|North Sea Port sees biggest LNG bunker delivery to date|
|Fure West tanker supplied with more than 150 tonnes in truck-to-ship operation.
|The delivery of eight truckloads of LNG was carried out on October 16 at Kluizendok in Ghent, Belgium. Image credit: North Sea Port|
|Updated on 18 Oct 2018 00:15 GMT
|North Sea Port - the 60-kilometre-long, cross-border port area stretching from Vlissingen in the Netherlands to Ghent in Belgium - witnessed its biggest LNG bunkering operation to date on October 16 when the chemical and oil tanker Fure West was supplied with more than 150 tonnes of the gas fuel in a truck-to-ship delivery.
Eight truckloads of LNG were transferred in total to the Furetank-owned vessel, with each truck carrying approximately 19 tonnes.
LNG product was sourced from both Rotterdam and Zeebrugge, and the delivery was carried out by Amsterdam-based supplier Titan LNG at Kluizendok, in Ghent, after the 144-metre-long Fure West had arrived at the OilTanking Ghent terminal over the weekend to unload a bulk liquid cargo.
Built in 2006, the Fure West was retrofitted with Caterpillar Marine's Mak M 43 C dual-fuel engine in 2015, enabling it to run on LNG. Caterpillar also supplied the complete gas system for the tanker, including bunker stations, two LNG tanks measuring 4.15 meters by 24 meters, and the vaporizer.
It is not the first time that the tanker has been involved in a milestone bunkering operation. Back in November 2016, it was also the first seagoing vessel to be bunkered with LNG in Amsterdam - with Titan LNG also performing the delivery.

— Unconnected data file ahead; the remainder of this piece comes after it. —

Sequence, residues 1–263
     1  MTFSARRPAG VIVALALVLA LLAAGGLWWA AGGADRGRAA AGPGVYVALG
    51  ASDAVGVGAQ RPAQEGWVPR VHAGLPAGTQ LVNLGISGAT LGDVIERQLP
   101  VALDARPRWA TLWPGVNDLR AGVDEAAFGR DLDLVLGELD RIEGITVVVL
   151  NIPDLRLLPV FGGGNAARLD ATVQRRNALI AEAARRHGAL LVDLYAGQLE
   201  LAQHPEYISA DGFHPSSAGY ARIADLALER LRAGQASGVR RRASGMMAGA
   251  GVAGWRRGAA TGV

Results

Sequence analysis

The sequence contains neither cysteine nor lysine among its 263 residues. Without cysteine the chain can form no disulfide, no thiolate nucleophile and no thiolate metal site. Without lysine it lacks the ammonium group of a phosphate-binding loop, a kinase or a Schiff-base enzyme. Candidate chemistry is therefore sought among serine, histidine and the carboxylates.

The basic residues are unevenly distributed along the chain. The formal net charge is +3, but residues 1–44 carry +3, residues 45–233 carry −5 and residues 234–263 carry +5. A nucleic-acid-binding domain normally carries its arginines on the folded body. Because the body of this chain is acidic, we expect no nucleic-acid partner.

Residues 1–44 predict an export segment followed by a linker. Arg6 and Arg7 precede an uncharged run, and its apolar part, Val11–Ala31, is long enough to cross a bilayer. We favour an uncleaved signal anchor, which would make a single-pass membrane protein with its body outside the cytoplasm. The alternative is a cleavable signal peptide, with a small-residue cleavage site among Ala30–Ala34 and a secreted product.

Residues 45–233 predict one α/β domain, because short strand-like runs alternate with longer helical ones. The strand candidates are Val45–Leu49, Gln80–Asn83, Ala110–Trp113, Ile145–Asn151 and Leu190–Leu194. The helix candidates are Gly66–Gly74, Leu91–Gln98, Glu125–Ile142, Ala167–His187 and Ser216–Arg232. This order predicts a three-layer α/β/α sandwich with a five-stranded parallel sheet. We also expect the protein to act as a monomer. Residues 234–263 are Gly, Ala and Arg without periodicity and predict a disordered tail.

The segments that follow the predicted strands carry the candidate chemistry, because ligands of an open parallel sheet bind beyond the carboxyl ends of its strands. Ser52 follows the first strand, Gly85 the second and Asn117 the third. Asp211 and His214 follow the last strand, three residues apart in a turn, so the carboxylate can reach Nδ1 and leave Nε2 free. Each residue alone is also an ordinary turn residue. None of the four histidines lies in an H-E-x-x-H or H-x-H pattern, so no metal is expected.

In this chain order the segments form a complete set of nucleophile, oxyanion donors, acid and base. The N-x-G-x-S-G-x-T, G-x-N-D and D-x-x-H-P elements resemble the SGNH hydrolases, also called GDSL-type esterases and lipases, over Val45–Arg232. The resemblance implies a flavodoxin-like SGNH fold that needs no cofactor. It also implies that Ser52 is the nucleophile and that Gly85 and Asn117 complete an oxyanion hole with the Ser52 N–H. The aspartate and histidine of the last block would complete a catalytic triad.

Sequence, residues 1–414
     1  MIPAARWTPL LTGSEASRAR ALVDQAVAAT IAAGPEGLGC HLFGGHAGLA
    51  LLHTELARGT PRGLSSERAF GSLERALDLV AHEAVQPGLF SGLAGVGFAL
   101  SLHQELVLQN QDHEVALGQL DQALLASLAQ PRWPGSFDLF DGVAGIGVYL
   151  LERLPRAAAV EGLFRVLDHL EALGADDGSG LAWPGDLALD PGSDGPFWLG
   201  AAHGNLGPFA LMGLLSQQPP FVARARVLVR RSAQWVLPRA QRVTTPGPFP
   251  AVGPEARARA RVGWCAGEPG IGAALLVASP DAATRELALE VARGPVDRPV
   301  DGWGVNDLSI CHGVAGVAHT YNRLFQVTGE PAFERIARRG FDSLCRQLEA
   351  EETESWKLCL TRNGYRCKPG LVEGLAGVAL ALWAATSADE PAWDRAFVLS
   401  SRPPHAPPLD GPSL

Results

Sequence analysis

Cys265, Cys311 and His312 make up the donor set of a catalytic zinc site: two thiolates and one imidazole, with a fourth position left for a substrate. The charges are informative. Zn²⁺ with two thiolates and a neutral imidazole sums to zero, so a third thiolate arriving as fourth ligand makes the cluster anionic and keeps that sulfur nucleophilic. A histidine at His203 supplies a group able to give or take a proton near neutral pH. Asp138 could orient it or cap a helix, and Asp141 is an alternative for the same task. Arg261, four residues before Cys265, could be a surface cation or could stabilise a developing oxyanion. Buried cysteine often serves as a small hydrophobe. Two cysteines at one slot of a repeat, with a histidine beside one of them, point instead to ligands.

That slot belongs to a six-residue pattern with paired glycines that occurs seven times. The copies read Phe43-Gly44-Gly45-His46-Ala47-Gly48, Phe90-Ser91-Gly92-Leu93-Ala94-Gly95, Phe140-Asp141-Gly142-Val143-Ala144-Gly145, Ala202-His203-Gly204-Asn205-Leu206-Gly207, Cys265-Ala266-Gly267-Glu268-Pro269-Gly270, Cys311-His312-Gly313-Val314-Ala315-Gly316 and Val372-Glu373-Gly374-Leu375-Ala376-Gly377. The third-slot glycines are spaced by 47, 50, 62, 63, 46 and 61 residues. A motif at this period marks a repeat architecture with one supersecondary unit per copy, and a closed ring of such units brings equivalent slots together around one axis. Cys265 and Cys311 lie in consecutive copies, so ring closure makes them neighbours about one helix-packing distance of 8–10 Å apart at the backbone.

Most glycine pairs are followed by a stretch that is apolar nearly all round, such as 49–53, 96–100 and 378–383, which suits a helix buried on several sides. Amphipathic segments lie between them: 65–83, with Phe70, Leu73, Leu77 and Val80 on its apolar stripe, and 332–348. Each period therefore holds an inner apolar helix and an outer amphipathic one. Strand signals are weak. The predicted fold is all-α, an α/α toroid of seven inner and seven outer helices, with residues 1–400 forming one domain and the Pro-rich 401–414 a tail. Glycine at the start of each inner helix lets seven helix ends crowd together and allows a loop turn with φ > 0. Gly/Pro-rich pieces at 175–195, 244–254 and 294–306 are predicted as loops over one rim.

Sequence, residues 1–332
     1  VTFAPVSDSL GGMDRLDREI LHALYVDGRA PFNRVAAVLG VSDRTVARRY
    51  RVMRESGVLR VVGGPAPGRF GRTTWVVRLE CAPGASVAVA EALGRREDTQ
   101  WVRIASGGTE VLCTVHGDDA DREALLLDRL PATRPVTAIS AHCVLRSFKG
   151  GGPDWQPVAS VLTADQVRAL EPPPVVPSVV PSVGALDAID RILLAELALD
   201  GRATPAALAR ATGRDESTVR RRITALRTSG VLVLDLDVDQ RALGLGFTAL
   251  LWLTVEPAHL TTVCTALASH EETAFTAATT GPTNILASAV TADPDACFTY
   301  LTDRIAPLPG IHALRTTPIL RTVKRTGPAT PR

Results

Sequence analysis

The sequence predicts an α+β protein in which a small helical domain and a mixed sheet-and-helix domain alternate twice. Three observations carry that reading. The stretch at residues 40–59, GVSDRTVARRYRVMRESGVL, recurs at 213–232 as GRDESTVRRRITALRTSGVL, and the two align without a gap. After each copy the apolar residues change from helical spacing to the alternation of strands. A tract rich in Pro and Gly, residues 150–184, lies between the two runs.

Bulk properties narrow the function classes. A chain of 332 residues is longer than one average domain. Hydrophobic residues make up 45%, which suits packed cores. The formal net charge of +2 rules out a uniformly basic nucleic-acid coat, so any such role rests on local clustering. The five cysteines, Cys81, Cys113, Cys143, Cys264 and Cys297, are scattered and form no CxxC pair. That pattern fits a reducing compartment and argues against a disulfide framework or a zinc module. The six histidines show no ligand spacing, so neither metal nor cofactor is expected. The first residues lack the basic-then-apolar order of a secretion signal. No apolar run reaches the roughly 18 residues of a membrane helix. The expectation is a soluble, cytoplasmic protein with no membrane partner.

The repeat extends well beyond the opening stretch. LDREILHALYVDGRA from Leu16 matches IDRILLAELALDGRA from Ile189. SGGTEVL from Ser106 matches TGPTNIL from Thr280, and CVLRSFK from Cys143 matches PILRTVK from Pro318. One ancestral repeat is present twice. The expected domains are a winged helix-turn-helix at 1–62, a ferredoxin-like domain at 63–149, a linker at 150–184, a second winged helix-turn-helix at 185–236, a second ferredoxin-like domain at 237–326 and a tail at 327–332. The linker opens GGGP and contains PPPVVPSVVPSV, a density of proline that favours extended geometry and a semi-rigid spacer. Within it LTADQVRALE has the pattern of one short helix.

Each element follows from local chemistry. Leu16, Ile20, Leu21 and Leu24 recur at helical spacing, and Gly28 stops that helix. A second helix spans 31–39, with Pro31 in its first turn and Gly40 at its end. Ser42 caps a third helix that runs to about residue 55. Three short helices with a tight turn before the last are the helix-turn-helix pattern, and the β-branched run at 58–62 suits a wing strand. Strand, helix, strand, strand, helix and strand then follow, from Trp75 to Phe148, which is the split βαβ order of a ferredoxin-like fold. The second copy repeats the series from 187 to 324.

Commenting on North Sea Port's biggest LNG bunker delivery so far, Titan LNG's Jippe van Eijnatten said: "Because the ship does not always know where it is going to be working, it is important to be able to move quickly to arrange bunkers in different places. The communication with North Sea Port was very smooth and we were very pleased with the cooperation provided, which led to a safe and efficient bunkering operation."
For North Sea Port, meanwhile, the objective is for LNG bunkering to become a "more routine" activity moving forwards. This, CEO Jan Lagasse notes, will increase the port's attractiveness and reduce the emission of CO2 and nitrogen oxides - environmental objectives that are outlined in North Sea Port's Strategic Masterplan.
Furthermore, the port says it is also looking into the possibility of making ship-to-ship LNG bunkering available.